“Equal Mind” is the b-side track from Beach House’s Record Store Day exclusive 7″, ‘Lazuli’.
Take A Listen: Equal Mind from Beach House
There has been rumblings that Beach House will be releasing a new album, ‘Bloom,’ this spring (May), so perhaps the newly posted track “Myth” is their way of confirming the unconfirmed jabber. You can stream “Myth” below, or here.
Take A Listen: White Moon from Beach House
The track “White Moon” can be found on Beach House’s new, ‘iTunes Sessions EP’, which is available now on, you guessed it, iTunes. The EP also features a few ‘Teen Dream’ reworks including, “Norway”, “Silver Soul”, and “Real Love”.
Beach House’s latest album, ‘Teen Dream’, was released a few weeks ago, and since then (even before then) countless blogs have dissected the nooks and crannies of it, so I guess that makes me somewhat late to this posting party. But, better late than never…I will keep it short.
If you were familiar with Beach House prior to ‘Teen Dream’, than the album probably sounds how you expected it to sound; there are no big surprises. The minimalistic and haunting nature of the organ/piano is still present, as are the old school drum machine beats. Although, their music does seem more accessible on this album, easier to spend time with. While ‘Teen Dream’ is by no means the most jubilant collection of songs, Legrand and Scally appear to have slightly lightened the mood on this album (compared to their debut). Victoria Legrand’s voice, whether pure or splashed with reverb, smoothly connects lyrics like, “The face that you saw in the door / Isn’t looking anymore / The name that you call in its place / Isn’t waiting for your embrace,” with Beach House’s signature, atmospheric sound.
Because Beach House sits in a noticeably defined comfort zone, their music can sound a bit redundant when listened to in large doses, which is why I tend to listen to them one or two tracks at a time. However, this time around song distinctions are much more obvious and most of the tracks on ‘Teen Dream’ have a clear personality. Currently my song of preference is “Real Love”; I’m drawn to the way it simply rests on Legrand’s voice and an organic piano…although it could have been a tad shorter in length. Some other standouts are: “Norway”, “Used To Be” (it deviates from the rest of the album), “Lover of Mine” and “10 Mile Stereo”.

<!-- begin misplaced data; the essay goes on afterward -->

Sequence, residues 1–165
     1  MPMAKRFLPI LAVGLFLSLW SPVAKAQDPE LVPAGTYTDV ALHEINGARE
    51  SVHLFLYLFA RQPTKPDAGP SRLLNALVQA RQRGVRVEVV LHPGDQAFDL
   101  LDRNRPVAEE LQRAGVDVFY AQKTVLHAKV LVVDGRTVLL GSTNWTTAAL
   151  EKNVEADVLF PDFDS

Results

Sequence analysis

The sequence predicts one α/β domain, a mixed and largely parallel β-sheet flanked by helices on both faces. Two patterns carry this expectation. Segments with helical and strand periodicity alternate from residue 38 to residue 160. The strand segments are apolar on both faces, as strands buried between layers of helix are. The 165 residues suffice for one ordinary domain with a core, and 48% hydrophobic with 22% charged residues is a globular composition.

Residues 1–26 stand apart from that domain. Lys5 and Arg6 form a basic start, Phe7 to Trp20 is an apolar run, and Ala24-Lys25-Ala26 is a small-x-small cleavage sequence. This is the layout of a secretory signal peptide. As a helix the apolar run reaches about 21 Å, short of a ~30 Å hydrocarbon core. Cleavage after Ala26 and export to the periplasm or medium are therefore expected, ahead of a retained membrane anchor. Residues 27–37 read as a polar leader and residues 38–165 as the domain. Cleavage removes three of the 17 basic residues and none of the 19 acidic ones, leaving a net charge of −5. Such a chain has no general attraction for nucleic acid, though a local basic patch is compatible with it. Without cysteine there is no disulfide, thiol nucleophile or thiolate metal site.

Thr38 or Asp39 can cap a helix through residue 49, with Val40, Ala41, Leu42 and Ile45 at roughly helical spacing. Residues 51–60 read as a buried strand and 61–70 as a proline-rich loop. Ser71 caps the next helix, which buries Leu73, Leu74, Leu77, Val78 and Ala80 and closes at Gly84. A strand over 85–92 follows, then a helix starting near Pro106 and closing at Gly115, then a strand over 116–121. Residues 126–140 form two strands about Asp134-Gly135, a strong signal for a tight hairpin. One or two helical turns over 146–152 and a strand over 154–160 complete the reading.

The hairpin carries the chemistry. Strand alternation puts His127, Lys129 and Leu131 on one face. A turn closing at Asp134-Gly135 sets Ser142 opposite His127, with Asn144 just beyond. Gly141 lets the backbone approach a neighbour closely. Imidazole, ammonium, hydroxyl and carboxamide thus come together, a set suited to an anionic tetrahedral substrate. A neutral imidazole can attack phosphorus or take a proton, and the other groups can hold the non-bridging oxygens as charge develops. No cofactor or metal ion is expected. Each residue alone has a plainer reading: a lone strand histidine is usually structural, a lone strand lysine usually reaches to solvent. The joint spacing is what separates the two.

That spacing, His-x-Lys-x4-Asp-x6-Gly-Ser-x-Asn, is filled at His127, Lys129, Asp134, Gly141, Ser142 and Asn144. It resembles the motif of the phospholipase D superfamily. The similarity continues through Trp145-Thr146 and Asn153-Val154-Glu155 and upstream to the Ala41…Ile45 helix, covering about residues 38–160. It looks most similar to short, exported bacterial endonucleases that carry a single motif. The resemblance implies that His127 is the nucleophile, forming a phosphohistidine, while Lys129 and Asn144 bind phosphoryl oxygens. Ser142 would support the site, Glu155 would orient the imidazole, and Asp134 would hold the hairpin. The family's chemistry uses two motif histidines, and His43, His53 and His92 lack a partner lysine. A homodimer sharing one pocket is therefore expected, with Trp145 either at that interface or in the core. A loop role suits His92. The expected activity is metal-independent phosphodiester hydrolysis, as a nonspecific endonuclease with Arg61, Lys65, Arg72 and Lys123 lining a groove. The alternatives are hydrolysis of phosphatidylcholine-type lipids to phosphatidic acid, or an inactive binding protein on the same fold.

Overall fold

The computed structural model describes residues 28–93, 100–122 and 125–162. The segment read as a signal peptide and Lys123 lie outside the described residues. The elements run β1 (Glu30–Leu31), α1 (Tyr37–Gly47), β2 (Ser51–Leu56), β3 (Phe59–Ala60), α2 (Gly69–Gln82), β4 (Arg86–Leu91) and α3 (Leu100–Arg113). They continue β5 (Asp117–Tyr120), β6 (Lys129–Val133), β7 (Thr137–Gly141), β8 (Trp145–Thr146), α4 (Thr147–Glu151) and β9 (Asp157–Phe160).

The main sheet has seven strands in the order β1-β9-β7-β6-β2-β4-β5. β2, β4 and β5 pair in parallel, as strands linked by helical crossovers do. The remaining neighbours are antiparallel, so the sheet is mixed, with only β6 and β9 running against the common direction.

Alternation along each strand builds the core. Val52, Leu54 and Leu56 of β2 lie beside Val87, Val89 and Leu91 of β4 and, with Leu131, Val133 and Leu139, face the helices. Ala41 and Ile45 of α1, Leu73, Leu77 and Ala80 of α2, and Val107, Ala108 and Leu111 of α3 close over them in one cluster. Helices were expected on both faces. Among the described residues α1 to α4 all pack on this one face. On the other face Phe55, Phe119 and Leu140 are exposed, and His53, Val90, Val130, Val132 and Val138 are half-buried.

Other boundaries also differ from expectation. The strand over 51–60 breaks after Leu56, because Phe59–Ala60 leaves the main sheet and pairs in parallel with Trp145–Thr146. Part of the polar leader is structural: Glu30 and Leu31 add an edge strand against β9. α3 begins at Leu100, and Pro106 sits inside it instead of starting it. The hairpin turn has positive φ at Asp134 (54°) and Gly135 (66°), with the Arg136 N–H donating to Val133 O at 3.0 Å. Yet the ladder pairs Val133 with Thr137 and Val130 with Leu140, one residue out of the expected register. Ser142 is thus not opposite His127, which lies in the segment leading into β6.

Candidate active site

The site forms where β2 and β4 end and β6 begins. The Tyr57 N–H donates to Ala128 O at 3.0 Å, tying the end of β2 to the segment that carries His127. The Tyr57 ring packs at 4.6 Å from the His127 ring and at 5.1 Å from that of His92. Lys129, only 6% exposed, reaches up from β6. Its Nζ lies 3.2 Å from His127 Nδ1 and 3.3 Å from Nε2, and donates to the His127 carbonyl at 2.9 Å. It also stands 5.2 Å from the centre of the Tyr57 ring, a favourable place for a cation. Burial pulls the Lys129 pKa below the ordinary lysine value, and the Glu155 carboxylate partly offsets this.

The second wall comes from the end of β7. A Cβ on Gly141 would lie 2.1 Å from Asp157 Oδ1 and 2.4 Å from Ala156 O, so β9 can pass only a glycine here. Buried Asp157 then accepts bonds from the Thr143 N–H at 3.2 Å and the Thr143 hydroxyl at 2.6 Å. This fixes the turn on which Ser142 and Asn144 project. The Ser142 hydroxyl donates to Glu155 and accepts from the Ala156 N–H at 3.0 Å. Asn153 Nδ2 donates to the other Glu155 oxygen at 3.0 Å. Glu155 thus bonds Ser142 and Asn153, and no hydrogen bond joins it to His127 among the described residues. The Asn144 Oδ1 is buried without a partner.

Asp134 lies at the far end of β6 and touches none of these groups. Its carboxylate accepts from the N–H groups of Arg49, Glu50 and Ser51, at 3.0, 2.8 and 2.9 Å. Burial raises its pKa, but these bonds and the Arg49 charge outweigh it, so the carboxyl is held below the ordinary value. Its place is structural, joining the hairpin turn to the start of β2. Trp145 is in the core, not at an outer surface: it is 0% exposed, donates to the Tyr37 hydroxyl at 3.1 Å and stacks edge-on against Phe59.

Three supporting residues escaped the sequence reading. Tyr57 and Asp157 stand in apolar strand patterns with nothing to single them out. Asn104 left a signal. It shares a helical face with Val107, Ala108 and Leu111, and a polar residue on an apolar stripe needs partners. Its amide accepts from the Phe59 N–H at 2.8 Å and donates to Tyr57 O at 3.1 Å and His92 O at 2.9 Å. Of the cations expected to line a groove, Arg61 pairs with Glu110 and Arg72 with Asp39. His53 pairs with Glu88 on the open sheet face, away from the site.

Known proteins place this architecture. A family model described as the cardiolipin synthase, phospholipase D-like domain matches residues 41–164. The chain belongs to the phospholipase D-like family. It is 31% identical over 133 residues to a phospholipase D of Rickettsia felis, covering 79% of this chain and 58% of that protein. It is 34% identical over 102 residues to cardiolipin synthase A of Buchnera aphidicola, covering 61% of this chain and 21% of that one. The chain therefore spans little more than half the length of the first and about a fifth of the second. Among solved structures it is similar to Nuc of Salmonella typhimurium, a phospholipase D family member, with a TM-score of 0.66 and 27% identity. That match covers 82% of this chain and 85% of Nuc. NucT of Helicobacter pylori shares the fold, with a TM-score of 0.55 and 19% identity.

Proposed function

On a side note, I was listening to ‘Teen Dream’ in my car while driving my nana to her canasta night, and she was totally tapping her fingers along to the music! The ability to garner appreciation across generations has to be a sign of quality music.
Beach House recently released the first single from their forthcoming album, ‘Teen Dream’, which is due out on January 26th via Sub Pop.
From the Beach House Sub Pop page: “We’re the same people, but this record has changed our directions,” Legrand muses. “We were forced to let go of people and things we were holding onto as individuals: normalcy, daily rituals, the ability to take care of ourselves. We were dropped into a wilderness, but we had more clarity than we’ve ever had before.”